The 2020 edition of IIF Europe takes place in a delicate economy. The enduring macro backdrop of the last few years - low interest rates, global trade tensions and a fractious political environment – has begun to drag on confidence.
Infrastructure investors have also paused for breath. The prospects of both a UK General Election and resolution to Brexit make it hard to predict the approach of a new government on either side of the political divide. Future policy of the Conservative party is largely dependent on the means by which the UK leaves the EU, whilst Labour’s commitment to renationalise railways and utilities makes the investment climate increasingly uncertain.
Unsurprisingly, the fervent deal activity of recent years is beginning to show signs of weakness – by September 2019, year-to-date brownfield activity in Europe was €20bn off the pace of the previous year with 10% fewer announced deals, according to our analysis.
Yet capital continues to flow into the asset class.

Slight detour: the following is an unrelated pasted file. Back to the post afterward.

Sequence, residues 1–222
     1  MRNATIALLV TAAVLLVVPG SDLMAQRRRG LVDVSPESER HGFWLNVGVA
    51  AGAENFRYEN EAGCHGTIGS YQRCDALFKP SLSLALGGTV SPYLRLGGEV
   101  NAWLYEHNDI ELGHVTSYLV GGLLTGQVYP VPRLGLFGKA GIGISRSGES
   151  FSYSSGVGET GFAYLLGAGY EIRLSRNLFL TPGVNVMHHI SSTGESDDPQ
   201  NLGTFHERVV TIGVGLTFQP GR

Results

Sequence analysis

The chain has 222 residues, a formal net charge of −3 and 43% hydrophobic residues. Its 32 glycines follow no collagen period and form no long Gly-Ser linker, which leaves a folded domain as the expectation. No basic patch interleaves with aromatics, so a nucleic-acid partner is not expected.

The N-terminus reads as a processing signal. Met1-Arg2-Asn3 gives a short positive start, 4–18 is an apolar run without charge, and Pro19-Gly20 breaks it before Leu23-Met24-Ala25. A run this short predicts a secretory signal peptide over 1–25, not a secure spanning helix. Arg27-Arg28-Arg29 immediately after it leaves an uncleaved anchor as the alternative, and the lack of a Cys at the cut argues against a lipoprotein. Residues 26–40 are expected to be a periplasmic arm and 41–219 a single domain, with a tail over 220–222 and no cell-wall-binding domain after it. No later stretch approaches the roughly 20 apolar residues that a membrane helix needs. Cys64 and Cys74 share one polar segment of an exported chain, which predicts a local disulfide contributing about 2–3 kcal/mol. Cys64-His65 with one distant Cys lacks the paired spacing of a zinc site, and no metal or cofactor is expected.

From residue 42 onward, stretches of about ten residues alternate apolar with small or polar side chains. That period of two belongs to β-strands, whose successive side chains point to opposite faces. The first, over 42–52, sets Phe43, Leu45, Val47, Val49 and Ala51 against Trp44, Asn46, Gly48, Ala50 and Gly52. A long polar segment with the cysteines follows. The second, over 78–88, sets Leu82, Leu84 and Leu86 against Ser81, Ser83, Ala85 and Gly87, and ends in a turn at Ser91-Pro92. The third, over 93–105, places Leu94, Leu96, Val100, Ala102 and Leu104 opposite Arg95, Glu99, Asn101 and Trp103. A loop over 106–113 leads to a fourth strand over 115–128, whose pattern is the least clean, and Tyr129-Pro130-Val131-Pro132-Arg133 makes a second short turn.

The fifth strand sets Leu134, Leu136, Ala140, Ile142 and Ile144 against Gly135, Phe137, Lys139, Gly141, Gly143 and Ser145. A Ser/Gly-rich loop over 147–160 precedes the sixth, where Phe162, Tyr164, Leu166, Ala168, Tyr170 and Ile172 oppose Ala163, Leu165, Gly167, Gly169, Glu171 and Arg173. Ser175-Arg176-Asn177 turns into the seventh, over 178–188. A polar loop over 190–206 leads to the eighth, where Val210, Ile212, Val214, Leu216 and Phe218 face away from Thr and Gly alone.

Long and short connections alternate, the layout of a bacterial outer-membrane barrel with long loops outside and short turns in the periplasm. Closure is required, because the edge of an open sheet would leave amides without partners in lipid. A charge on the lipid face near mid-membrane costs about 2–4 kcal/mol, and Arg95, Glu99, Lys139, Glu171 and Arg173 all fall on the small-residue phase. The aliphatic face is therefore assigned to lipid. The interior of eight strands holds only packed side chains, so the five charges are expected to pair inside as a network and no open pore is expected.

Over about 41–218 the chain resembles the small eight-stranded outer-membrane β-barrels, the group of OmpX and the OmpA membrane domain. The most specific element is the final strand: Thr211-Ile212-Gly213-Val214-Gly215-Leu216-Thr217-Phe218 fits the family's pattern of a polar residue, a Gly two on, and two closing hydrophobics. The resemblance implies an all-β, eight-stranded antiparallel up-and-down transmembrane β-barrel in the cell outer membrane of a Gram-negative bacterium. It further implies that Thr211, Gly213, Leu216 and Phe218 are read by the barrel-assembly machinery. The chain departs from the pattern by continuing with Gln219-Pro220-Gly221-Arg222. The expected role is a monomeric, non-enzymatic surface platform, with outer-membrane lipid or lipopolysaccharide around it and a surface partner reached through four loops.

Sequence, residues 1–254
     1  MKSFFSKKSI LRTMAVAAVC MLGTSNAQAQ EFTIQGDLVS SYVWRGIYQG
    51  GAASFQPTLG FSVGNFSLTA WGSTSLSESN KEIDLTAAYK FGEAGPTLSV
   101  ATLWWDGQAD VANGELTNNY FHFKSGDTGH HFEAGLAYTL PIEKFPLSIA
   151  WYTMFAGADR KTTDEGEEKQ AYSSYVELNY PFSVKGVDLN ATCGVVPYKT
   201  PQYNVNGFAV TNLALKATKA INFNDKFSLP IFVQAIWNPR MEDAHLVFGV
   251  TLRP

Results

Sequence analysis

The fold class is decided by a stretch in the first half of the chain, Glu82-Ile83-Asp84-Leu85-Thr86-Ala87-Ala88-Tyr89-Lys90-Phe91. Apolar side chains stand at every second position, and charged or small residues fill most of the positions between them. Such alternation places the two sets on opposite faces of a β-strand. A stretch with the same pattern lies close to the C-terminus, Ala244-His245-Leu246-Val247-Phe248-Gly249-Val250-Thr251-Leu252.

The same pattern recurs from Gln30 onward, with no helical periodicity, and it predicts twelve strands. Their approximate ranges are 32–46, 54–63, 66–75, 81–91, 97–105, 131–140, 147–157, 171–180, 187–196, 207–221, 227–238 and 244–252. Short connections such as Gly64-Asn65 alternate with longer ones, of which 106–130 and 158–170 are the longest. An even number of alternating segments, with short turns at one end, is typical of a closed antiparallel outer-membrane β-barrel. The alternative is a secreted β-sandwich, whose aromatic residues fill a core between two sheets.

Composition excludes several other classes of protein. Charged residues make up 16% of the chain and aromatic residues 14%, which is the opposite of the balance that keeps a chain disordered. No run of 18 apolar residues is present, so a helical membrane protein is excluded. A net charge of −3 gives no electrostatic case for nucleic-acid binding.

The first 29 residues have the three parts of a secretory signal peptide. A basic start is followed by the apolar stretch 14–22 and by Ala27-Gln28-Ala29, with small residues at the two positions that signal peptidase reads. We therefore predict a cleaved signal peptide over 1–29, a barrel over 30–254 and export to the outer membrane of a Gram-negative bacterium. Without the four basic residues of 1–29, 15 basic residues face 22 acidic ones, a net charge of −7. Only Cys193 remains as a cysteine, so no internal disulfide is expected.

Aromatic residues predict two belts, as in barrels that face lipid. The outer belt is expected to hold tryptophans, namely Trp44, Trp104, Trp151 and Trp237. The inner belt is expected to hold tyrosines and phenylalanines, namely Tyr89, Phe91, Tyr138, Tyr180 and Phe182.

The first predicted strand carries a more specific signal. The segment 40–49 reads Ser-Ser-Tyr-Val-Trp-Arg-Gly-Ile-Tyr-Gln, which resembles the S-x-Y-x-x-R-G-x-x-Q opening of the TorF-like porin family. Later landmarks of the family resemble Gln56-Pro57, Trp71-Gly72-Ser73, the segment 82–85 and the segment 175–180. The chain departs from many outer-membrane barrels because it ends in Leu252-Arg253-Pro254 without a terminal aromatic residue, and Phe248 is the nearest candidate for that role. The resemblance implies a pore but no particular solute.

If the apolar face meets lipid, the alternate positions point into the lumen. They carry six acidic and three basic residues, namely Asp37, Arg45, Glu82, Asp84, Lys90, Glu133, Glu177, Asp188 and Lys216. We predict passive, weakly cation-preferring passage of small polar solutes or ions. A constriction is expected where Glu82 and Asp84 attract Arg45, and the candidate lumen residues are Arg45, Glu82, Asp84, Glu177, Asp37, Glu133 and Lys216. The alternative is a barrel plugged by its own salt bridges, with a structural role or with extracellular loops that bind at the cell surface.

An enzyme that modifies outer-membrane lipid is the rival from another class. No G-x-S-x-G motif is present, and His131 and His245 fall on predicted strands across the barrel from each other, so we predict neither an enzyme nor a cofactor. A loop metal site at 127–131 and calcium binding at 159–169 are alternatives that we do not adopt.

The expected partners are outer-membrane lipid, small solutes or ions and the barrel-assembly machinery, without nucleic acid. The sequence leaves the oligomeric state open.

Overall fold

By October, European infrastructure funds had raised in excess of $33bn, already surpassing the annual total from the previous year by 5%. Nine of the ten largest funds closed in 2019 were able to exceed their target size, with Ardian attracting commitments of €6.1bn on a target of €5.5bn and Macquarie hitting a €6bn close on a target of €4.5bn-€5bn.
For debt investors, infrastructure lending has become more dynamic as funds deploy LBO-style structures. Activity suggests that debt funds retain their appetite for long tenor and expensive loans. Their resilience in the face of a weaker economic outlook is a topic to be explored at this year’s conference.
New pools of capital are also emerging from the pension sector.
Super-sized investment funds from the Nordics to the UK being established to emulate North American counterparts.
How will such abundant capital be invested in a weaker European economy?
IIF Europe 2020 will seek to provide answers for market participants, as we consider new growth geographies such as the Middle East which are attracting maiden investments on the back of a wave of privatisations; resilient sectors with strong fundamentals such as digital infrastructure; and the different deal strategies of airport operators making platform or single asset plays.
We look forward to you joining the debate.
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